Elements of a Good Review 2: Voice, Verbosity, and Gettin They Clunk On


First, thanks so much for staying with me after last week’s rant. It means a lot to know someone out there is actually interested in my thought process.

To recap, this is how I review books. I use the nine elements  of Voice, Clunk, Character, Setting, Theme, Dialogue, Belief, Plot, and Originality. Because Clunk drew so much attention to herself last week–not all of it good–I’m going to open her up today along with Voice.

And to borrow a cliched phrase from last weeks micro-debate: “Just to be clear,” this is MY review process, not THE review process. For anyone who may disagree, fantastic! I’d love to hear your opinions about it so I can refine my own methodology. Punks.


Last fall I had the opportunity to attend a Writer’s Digest boot camp in Beverly Hills, taught by the lovely and incredibly talented Paula Munier of Talcott Notch Literary Agency. If you ever have a chance to attend one of Paula’s seminars, do it. This particular seminar was on Plot, but my bigger take away came from one of her side notes: “If you have Voice, you can pretty much get away with anything… but if your voice is weak, you need to have a bullet proof everything else.”

And there it is. Examples of great voice from my own library include A.E. Rought, James Glass, Allison Dickson, Sean Cummings, Suzi M., Scott Westerfeld, Rosie Best, Kim Curran, and one of my all time favorites, T.L. Costa. Notice anything? Most of my voice commanders are YA writers. I can bore you to tears with my hypothesis as to why, but suffice it to say YA writers have twice the burden of suspending belief because they are dealing with a teen audience–70-85% female according to varying sources–with a natural snark and eye-roll disposition. T.L. Costa busted through the belief/voice barrier by using two protagonists with totally different voices. One, a teen girl prodigy in college and far removed from her peer group; the other, a teen boy with severe ADHD. You can imagine which one was her money maker.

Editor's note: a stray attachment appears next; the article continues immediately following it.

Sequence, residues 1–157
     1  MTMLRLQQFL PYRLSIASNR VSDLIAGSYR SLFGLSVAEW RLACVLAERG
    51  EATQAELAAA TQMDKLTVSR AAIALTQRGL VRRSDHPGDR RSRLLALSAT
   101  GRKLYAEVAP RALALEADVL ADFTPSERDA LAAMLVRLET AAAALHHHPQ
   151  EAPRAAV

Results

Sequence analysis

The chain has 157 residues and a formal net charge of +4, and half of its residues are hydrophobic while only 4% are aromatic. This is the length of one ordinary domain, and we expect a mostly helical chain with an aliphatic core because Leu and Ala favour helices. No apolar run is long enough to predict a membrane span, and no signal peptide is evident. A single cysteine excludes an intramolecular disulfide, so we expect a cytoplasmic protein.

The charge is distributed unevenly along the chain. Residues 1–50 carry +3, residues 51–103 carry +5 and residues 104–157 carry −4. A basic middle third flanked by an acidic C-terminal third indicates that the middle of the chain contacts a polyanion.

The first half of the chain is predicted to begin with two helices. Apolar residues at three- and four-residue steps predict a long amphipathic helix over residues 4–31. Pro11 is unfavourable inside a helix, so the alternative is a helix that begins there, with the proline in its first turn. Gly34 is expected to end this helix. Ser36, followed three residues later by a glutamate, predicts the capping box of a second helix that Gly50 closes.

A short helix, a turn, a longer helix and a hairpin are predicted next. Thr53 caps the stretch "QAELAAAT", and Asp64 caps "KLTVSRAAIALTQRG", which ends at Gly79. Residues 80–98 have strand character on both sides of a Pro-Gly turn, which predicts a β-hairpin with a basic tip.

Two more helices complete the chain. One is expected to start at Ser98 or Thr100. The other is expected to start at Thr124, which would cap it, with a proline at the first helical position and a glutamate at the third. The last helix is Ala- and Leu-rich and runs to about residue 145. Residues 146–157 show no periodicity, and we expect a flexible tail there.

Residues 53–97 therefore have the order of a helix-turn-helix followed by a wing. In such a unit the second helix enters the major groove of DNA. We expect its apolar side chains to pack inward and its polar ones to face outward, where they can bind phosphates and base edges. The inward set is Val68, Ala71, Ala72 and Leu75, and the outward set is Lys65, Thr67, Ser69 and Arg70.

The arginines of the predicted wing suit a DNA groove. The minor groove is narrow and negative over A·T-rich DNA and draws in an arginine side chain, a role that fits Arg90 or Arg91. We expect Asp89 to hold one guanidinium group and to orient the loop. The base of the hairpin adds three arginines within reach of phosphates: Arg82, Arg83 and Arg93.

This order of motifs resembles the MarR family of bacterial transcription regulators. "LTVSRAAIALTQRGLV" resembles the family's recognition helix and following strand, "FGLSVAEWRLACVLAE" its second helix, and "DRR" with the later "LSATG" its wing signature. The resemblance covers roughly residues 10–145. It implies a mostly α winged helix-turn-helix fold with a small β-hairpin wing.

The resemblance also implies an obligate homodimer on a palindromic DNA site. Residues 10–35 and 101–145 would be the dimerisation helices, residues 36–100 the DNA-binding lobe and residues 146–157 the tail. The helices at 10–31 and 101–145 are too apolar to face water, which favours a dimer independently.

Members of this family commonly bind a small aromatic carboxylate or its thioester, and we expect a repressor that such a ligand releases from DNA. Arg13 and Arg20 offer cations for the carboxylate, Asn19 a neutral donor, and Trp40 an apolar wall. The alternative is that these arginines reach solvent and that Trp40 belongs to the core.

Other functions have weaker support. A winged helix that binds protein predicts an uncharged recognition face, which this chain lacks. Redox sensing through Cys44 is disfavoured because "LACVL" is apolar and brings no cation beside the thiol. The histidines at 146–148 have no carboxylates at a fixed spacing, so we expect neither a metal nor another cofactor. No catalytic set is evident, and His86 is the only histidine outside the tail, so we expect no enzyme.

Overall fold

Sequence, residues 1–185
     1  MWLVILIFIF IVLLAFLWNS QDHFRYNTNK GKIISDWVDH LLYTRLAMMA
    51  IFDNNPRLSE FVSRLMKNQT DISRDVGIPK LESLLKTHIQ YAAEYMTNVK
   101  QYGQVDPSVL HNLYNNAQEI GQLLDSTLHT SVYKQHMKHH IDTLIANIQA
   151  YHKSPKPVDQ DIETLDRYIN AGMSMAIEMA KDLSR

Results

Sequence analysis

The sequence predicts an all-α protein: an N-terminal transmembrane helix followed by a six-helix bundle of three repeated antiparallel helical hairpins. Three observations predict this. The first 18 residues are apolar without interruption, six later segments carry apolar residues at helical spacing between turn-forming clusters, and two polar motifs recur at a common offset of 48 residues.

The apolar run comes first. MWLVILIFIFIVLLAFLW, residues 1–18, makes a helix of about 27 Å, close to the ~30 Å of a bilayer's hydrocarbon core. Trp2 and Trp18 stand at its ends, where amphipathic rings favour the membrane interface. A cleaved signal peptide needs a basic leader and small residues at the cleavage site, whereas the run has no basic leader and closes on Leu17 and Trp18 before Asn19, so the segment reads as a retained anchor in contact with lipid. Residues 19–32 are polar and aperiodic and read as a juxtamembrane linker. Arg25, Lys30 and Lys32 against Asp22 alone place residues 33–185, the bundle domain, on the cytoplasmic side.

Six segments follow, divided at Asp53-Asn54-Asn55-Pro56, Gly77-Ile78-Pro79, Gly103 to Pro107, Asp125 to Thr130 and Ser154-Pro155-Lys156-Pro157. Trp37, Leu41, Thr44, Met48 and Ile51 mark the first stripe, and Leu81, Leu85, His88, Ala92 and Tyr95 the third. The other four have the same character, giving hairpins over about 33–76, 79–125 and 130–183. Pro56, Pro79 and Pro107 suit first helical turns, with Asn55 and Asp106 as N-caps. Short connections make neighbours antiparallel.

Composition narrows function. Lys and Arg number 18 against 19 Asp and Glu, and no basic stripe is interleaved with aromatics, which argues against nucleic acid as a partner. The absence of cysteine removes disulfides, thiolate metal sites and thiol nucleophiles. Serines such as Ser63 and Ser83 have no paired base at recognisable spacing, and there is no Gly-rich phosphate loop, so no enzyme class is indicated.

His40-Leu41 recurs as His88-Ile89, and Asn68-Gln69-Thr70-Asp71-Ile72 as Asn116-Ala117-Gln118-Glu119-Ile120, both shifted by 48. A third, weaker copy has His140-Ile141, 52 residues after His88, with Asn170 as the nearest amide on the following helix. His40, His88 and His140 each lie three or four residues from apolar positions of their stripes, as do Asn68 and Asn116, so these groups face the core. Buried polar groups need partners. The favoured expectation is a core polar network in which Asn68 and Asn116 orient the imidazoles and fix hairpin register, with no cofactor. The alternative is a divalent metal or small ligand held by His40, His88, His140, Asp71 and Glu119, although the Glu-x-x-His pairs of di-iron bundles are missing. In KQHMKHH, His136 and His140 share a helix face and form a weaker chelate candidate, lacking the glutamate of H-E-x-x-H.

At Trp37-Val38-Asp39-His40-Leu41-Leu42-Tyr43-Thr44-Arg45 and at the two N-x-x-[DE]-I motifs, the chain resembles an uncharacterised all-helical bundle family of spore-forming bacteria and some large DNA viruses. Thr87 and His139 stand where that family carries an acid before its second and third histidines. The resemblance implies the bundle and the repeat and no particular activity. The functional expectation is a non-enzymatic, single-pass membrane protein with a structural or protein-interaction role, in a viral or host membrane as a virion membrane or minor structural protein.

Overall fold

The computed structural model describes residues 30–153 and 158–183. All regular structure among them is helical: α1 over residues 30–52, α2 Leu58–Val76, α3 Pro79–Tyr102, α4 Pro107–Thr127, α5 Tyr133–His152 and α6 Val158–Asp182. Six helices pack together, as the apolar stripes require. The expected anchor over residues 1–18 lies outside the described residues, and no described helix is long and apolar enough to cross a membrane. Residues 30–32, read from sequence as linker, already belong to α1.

I usually find lacking voice in horror and SF/F.  The biggest voice problem seems to come from Point of View. When writers try to do the whole 3rd person, omniscient POV narration, they are either really good at it and pen a classic, or trudge through pages with a monotone, passive voice and forced flavor quirks (doesn’t work). It’s like reading a technical manual telling me what happened with a metric butt-load of past continuous/ past perfect continuous phrasing. Know what that does? It puts 82 painful layers of separation between me and the action.

ex. “The vampire stood in the shadows and was licking her lips as the herculean muscles of Trent’s back were coiling and uncoiling like two lovers’ bodies beneath his skin.”

The use of was and were kill this scene. Along with a clunky writing style, but I’ll hit that next. The writer did a fair job of plugging in sexed-up metaphors, but to what end? It still reads like it’s a million miles away and subtitled. By cutting the fat and rewording for a closer feel, the words disappear and put you in the scene.

“The vampire hid in the shadows, licking her lips, tracing the muscles of Trent’s writhing, naked back.”

See? We’re right there in the shadows with Vampina, licking our lips, and hey! Trent gets to keep his sexy back without all the over-explained garbage clogging the moment. This is also called showing-versus-telling and for genre fiction is pretty monumental. If I could recommend one great author to showcase what good voice can do for a piece, it’s Chuck Palahniuk…unless you’re squeamish. So go with someone like Susan Creech, Amy Tan, Toni Morrison, Stephen King, or Scott Westerfeld.